The last time I checked in with Evanston’s youth-oriented Mudlark Theater in April 2020, they were in the midst of pivoting to online workshops and creating digital shows. The company has returned to live classes and performances since then. And now, with the help of two grants, they’re poised to further expand their focus on the Latinx community in Evanston and surrounding areas.
The first grant is from Northwestern University’s Office of Neighborhood and Community Relations in the amount of $47,000, and is earmarked towards creating a new bilingual theater work based on the experiences and stories of the Latinx community. Northwestern professors Myrna García and Henry Godinez (who is also a resident artistic associate at the Goodman Theatre) will collaborate with the Mudlark students and staff on the work, which they aim to present to the public in spring 2023.
The second grant, in the amount of $3,200, is from local education funders Foundation65 and is focused on creating a bilingual street performance with students at Evanston’s Washington Elementary School, using both Latinx folklore traditions and the principles set forth by Augusto Boal, the Brazilian pioneer of Theater of the Oppressed, which originally emerged in the 1970s. Boal, who was influenced by educator and theorist Paulo Freire (author of Pedagogy of the Oppressed), sought to use theater as a means of promoting social change from a left perspective.
Andrew Biliter, Mudlark’s artistic director, notes in an email that these new programs aren’t the first time Mudlark has partnered with Evanston’s diverse communities in creating work.
“At schools with large Latinx populations, Mudlark has sometimes offered improv classes in Spanish,” says Biliter. “But Mudlark’s most successful outreach efforts to date have focused on engaging with and chronicling the legacy of Evanston’s Black community. Our 2017 play ID was an original co-production with the (now-defunct) Art of Evolution Theater that explored narratives of anti-Black racism in our city. Our January 2020 show Concerning Foster was a partnership with Shorefront Legacy Center, a history center that chronicles the Black experience on Chicago’s North Shore. fetus told the story of Evanston’s segregated all-Black K-8 school, its integration and eventual closure. Research for the play included interviews with former students and school administrators. Both productions featured majority-Black casts of Evanston youth, and both inspired a lot of community interest and conversation.”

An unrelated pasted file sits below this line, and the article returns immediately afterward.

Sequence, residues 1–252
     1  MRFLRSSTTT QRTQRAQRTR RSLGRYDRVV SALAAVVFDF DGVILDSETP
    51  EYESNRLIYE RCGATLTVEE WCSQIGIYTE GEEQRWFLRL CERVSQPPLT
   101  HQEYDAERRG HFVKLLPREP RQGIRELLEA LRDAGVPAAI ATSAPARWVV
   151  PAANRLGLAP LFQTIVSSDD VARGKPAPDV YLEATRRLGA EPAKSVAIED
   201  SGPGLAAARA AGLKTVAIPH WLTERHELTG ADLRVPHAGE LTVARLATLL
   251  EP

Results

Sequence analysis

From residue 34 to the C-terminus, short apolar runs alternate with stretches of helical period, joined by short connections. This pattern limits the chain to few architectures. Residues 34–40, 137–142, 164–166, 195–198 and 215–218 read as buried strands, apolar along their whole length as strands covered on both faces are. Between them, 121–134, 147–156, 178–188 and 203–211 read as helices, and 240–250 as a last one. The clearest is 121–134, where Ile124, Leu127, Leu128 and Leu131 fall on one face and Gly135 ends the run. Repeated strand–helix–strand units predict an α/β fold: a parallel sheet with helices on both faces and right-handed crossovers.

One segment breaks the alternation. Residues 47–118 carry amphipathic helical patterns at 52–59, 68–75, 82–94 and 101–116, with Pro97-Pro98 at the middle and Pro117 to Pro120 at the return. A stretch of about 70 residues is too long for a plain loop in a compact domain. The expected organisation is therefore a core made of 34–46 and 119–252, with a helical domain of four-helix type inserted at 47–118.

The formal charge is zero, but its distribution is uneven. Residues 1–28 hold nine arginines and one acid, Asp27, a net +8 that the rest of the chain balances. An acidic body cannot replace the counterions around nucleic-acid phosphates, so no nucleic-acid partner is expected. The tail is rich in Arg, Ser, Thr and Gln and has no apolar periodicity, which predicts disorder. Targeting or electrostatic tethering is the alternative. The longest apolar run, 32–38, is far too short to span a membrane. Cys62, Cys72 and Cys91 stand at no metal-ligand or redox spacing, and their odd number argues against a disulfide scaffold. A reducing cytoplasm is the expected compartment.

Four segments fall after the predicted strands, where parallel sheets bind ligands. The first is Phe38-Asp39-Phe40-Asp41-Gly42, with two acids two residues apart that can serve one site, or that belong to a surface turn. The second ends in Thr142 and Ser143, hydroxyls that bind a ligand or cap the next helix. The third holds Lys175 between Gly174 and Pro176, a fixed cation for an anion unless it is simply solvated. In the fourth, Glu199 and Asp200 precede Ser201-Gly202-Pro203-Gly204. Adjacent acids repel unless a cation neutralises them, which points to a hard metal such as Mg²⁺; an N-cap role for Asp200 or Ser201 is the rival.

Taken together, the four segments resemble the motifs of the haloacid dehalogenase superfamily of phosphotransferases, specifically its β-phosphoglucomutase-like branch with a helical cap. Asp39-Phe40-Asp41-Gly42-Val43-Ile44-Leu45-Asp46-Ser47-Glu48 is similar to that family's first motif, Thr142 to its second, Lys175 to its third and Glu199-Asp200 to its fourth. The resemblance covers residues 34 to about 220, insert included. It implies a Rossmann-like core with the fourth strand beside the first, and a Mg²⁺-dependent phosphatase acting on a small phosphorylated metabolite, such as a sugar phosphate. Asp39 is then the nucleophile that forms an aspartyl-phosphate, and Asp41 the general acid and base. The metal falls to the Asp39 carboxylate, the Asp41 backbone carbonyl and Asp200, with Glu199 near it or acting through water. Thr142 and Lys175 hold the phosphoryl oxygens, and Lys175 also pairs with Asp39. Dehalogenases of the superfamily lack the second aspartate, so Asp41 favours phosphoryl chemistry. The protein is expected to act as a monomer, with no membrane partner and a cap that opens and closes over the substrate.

García is an interdisciplinary scholar whose signature course, “Latinx Chicago: Positionality, Community Histories, & Academic Knowledges,” reveals her deep interest in uncovering the history of Latinx activism in Chicago in particular. But she also has a personal reason for feeling invested in the Mudlark project.
“My daughter is in the bilingual programme [TWI, or two-way immersion] in an Evanston elementary school. And she participates in the theatre. She’s biracial Latina and Black, so I thought it’s for children like her, that demographic,” says García. “And then also, the population of Latinx in Evanston has been growing. If anything, the Latinx population outside of the city of Chicago has really proliferated. As a scholar, this is something that I teach about. I’m an ethnic studies scholar. The whole idea is to really explore the undertold and untold stories that are really, I argue, directly related to power. Whose stories are told, under what circumstances, and what archives exist? What counts as knowledge and worthy to be archived?”
The plan for both Mudlark partnerships isn’t just to develop new pieces of theatre. It’s also to create replicable curricula that can be used in other programs and other classrooms.